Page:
Police quietly removed safeguards against Taser-related brutality
A Minneapolis man who was Tased by police after surrendering and putting both hands on the hood of a squad car says he wants restitution from the police.
On Monday, Rolando Ruiz's lawyer released dashcam video of an April 30 incident in which Ruiz can be seen with his hands on the hood of a car when a police officer approaches him and Tases him in the neck. Ruiz then falls to the ground, and can be heard screaming in agony as the officer kneels over him.
As WCCO-TV in Minneapolis notes, the video begins moments before the Tasing, so it's unclear whether there was a physical confrontation beforehand. But it is clear that Ruiz was not being aggressive at the moment he was hit with a conducted energy weapon.
Ruiz' attorney, Albert Goins, says his client's civil rights were violated, and he wants the police department to settle out of court for $75,000 or he says he will bring a federal lawsuit against the officers and Minneapolis Police Chief Tim Dolan.
This is at least the second high-profile incident of police brutality in Minneapolis to make the news this year. As the Minneapolis Star-Tribune reports, Chief Dolan earlier this year forced his officers to watch dashcam footage of officers beating Minneapolis resident Darryl Jenkins in a snowbank to the point he needed seven stitches. The FBI is now investigating that incident.
The fact the officer Tased Ruiz in the neck will likely cause concerns among police watchdogs. Last month, Taser International issued a memo to police forces telling them not to Tase suspects in the head, neck and chest, because doing so poses a risk of injury.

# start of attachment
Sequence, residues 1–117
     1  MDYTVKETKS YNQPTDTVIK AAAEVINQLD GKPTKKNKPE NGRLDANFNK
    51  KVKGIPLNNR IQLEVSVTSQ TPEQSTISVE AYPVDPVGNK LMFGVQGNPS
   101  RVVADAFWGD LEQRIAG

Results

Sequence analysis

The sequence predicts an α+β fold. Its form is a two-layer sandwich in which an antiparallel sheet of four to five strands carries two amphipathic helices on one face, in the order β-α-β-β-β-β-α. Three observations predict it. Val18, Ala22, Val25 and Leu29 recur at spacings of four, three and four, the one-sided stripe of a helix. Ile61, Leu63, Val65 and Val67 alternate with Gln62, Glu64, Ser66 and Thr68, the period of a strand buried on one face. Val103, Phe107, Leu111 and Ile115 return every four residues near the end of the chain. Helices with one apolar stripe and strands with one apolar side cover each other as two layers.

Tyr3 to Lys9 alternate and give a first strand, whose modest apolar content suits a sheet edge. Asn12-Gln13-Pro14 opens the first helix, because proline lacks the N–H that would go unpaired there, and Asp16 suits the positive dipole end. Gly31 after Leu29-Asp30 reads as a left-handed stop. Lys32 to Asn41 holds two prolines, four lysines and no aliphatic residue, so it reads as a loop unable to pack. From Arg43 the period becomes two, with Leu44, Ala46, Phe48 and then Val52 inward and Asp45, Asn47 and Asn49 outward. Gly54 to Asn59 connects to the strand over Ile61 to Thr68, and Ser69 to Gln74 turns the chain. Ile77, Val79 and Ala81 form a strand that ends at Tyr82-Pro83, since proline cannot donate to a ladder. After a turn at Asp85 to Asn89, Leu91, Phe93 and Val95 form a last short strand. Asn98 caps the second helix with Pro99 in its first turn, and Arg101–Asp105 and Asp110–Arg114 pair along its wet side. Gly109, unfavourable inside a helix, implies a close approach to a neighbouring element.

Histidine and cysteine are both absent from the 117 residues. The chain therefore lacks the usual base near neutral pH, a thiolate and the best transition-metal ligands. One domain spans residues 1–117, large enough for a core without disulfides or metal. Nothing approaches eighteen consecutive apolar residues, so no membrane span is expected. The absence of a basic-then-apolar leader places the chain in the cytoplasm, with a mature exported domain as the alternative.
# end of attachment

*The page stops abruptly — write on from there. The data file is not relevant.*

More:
Observers of Minneapolis police note that the force had accepted recommendations not to allow officers to use Tasers on suspects' necks -- before quietly removing that guideline from its training manual.
"They removed restrictions on more than one officer Tasering a person at a time, or intentionally using the Taser on the head, neck, face, or genitalia," wrote civil liberties advocate Dave Bicking. "They did this without consulting, or even notifying, the City Council or the [civilian review authority]. They said that they had just moved the policy to their training manuals. When we finally were able to look at a training manual, it was clear that almost all of the important provisions were gone, and officers were given much greater discretion."
The Star-Tribune reported that Ruiz was arrested "after an incident involving damage to property at the Second Precinct headquarters." Ruiz is charged with felony damage to property. He also pleaded guilty earlier this year to second-degree assault and misdemeanor failure to stop at the scene of an accident, both evidently unrelated to the property damage charge.
"For an individual facing a property crime case and in custody, that's an outrageous amount of force," the Star-Tribune quoted Goins.
Goins has not divulged how he obtained the police camera footage. He says his client doesn't want more than the available 75 seconds of the video shown to the public.
This video is from WCCO-TV in Minneapolis, broadcast Nov. 2, 2009.